Septic System Anatomy Video
Am I glad you are here today! Guess what I discovered? I found a septic system that is being installed and it hasn’t been covered over with dirt. The inspector is coming tomorrow, so it is a great opportunity for me to show you the basic components of a septic system. The septic system consists of the septic tank, the distribution box and the leach field.
This is the actual septic tank. It is a precast, concrete structure that a crank lowers into place. This particular one is about 750 to 1,000 gallon capacity. The waste water from the house comes directly into this tank. The tank has lids that allow you to inspect the inside of the tank. They also serve a very important service. Every three to four years, you need to have a company come in and pump out all of the solids, that have collected inside the septic tank.
The distribution box takes the waste water from the septic tank and directs it out to the leach field through four different pipes.
The leach field in this system looks a little weird because of all the concrete covering. This leach field will actually be underneath the road leading to the house. The waste water enters the leach field from the distribution box. The leach field consists of a foot thick layer of sand. The waste water filters down through the sand, where it gets cleansed of all the bacteria and pathogens. And then it flows back into the water table.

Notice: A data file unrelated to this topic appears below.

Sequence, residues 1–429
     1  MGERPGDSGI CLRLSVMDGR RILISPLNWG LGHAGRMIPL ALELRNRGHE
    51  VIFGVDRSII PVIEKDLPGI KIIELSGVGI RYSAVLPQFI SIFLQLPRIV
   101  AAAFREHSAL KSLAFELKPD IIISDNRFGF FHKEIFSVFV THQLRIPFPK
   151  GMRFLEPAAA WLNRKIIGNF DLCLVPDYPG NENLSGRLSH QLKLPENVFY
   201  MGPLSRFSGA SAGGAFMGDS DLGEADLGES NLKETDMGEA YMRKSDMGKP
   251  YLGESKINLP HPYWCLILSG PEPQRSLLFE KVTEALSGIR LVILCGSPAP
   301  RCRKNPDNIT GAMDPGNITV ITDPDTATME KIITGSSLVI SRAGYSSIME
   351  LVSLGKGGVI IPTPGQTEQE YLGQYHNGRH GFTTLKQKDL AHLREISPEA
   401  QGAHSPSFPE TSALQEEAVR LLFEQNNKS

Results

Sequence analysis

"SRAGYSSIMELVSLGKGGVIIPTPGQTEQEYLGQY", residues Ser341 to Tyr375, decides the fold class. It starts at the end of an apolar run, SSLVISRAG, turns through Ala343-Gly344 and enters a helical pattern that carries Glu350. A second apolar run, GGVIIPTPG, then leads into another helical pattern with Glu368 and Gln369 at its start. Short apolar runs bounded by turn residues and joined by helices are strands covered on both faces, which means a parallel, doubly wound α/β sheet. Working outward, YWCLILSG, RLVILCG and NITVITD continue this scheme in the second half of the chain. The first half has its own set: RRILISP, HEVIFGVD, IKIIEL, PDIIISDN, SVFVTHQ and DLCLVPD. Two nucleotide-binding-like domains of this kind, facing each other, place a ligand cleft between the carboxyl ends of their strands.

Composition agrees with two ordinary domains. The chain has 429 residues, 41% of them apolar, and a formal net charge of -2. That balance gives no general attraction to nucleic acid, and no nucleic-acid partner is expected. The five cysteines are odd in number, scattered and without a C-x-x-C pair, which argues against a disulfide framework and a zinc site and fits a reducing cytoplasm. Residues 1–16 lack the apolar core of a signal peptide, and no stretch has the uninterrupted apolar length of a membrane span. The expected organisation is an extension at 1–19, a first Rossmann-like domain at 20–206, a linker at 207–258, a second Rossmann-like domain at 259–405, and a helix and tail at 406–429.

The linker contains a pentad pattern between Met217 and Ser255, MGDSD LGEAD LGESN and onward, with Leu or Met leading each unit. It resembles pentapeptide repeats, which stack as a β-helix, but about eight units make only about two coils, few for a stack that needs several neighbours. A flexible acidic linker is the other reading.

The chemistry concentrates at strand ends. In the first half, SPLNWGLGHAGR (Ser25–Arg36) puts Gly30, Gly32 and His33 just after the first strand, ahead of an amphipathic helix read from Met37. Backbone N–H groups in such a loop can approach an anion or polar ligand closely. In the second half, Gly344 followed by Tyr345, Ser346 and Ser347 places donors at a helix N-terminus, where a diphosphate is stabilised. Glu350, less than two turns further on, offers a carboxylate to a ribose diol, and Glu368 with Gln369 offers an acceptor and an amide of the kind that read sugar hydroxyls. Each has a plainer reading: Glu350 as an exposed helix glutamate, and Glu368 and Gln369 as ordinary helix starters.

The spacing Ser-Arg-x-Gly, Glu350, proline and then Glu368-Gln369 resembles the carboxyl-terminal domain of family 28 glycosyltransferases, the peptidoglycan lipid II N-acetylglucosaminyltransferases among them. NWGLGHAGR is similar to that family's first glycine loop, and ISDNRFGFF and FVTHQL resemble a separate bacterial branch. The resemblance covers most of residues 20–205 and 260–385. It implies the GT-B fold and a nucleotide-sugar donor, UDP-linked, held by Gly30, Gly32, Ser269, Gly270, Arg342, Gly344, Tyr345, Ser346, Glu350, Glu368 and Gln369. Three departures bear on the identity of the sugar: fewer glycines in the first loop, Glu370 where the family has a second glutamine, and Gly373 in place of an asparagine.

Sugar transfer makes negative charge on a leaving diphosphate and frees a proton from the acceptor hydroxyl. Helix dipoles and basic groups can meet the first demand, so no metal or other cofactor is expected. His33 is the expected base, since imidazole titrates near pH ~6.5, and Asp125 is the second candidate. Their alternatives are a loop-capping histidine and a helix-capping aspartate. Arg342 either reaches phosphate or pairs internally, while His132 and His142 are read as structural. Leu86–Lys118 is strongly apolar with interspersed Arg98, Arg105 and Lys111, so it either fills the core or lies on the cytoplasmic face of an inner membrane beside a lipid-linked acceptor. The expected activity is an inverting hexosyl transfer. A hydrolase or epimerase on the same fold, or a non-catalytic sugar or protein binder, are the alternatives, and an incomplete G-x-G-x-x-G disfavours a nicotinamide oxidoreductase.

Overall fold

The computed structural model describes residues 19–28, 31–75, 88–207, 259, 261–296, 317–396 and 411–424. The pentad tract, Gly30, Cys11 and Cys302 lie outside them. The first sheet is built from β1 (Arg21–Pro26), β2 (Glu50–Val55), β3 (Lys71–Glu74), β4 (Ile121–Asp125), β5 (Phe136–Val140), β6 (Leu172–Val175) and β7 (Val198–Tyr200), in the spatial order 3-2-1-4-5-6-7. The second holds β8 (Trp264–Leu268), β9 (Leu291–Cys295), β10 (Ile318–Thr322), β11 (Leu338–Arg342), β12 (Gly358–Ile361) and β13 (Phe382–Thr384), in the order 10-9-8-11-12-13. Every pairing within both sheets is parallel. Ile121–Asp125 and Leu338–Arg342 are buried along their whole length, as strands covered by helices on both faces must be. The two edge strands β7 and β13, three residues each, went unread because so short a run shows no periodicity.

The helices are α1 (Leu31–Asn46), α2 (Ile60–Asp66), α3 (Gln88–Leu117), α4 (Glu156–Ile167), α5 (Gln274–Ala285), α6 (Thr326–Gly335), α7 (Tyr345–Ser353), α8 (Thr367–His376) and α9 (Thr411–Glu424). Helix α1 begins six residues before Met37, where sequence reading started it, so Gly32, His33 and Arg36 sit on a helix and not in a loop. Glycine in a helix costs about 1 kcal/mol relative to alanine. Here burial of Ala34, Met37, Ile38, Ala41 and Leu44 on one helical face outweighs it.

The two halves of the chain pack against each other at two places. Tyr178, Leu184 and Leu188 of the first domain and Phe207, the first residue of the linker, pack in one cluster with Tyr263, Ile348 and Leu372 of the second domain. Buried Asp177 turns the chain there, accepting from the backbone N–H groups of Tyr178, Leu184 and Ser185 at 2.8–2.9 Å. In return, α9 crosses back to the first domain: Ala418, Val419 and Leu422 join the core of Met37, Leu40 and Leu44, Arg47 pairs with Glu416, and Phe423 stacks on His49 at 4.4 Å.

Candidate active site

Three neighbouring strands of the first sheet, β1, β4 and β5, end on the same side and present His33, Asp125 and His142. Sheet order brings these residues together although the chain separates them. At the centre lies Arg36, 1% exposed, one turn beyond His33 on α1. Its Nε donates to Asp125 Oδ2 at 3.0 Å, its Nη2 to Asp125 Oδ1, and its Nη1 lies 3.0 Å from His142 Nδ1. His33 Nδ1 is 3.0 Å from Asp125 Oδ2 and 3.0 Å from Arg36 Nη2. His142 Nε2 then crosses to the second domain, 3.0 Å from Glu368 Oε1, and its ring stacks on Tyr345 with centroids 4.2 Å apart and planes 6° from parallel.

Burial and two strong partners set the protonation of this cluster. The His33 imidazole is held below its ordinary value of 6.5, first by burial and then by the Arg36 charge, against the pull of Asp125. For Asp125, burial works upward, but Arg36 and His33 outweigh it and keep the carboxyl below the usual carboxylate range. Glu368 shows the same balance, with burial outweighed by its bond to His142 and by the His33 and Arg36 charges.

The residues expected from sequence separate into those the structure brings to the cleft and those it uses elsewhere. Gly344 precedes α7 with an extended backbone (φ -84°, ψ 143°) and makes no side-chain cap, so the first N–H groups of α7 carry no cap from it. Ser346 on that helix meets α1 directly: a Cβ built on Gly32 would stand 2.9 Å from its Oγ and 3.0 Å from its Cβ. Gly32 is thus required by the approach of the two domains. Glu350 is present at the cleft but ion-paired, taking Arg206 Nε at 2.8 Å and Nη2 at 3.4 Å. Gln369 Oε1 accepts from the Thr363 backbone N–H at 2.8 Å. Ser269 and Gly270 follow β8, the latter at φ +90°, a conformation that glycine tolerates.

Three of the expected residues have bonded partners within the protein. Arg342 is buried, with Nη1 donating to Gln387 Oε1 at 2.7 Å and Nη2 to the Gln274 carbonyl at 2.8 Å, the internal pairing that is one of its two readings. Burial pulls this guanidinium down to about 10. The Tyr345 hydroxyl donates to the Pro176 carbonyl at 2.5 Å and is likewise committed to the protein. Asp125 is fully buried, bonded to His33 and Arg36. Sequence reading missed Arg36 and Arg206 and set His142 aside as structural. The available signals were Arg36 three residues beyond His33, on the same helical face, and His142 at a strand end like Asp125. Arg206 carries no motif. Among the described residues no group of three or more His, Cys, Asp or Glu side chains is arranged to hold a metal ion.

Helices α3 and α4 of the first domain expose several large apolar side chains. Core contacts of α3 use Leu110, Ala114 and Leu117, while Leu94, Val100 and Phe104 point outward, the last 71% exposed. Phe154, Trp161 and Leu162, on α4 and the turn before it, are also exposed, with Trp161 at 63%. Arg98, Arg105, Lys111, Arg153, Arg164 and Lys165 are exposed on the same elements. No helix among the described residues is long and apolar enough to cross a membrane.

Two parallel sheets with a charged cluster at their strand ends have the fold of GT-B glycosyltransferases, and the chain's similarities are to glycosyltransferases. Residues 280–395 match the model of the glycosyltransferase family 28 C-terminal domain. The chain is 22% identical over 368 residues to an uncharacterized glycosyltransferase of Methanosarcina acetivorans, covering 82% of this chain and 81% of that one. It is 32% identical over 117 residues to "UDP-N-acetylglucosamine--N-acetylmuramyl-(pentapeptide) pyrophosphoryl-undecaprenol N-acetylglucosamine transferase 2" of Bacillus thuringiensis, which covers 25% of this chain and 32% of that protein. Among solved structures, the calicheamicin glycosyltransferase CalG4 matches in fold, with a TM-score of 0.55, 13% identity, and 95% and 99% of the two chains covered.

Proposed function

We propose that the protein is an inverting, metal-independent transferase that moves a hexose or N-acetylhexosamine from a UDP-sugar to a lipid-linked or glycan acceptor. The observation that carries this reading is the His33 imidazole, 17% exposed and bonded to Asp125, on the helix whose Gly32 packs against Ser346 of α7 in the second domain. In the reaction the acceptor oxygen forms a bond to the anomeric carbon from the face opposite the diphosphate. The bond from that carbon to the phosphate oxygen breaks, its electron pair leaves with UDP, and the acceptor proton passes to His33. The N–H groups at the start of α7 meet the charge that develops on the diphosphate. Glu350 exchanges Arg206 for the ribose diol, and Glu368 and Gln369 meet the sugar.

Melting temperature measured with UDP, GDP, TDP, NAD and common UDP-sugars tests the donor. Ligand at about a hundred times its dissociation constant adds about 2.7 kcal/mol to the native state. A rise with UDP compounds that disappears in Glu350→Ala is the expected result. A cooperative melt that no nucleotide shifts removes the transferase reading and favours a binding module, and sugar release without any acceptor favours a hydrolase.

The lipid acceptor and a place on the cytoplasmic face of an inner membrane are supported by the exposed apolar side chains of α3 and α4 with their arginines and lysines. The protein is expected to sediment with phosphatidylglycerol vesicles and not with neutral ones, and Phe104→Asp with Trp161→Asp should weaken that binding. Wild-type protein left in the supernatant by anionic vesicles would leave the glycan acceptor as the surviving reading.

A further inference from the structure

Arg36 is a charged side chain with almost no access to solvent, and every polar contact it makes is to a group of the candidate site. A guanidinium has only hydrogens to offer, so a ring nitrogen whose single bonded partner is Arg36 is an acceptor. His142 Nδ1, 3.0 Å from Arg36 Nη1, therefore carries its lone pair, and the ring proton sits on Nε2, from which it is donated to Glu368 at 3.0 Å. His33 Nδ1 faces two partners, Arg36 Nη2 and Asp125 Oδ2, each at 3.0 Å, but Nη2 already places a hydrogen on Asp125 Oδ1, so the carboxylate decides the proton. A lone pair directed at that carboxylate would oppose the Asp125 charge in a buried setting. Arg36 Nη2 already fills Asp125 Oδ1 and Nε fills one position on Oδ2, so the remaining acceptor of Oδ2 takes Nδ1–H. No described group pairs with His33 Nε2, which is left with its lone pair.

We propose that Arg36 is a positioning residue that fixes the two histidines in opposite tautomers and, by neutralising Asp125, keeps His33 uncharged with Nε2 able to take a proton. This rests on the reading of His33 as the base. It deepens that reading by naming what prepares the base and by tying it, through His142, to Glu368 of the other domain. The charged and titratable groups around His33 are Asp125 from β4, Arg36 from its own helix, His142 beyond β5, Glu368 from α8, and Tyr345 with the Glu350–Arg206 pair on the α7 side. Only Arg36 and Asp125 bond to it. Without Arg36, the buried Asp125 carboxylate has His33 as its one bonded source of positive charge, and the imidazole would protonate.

That is how simple septic systems work.
Author's Note: We've received other questions with similar problems or questions. Here's one from Howard Stein of Oklahoma City, OK, regarding his home septic system.
"We have ten inches of snow and the temperature is near zero Fahrenheit. It will stay like this for several days. Is it safe to use our washing machine (doing regular laundry) in this frigid weather since we have a septic tank and fear that the "arms" cannot properly dispose of large volumes of water into the ground? Many thanks for your help."
Howard, typically in most septic systems, the tank and drainage fields are located well below the frost line.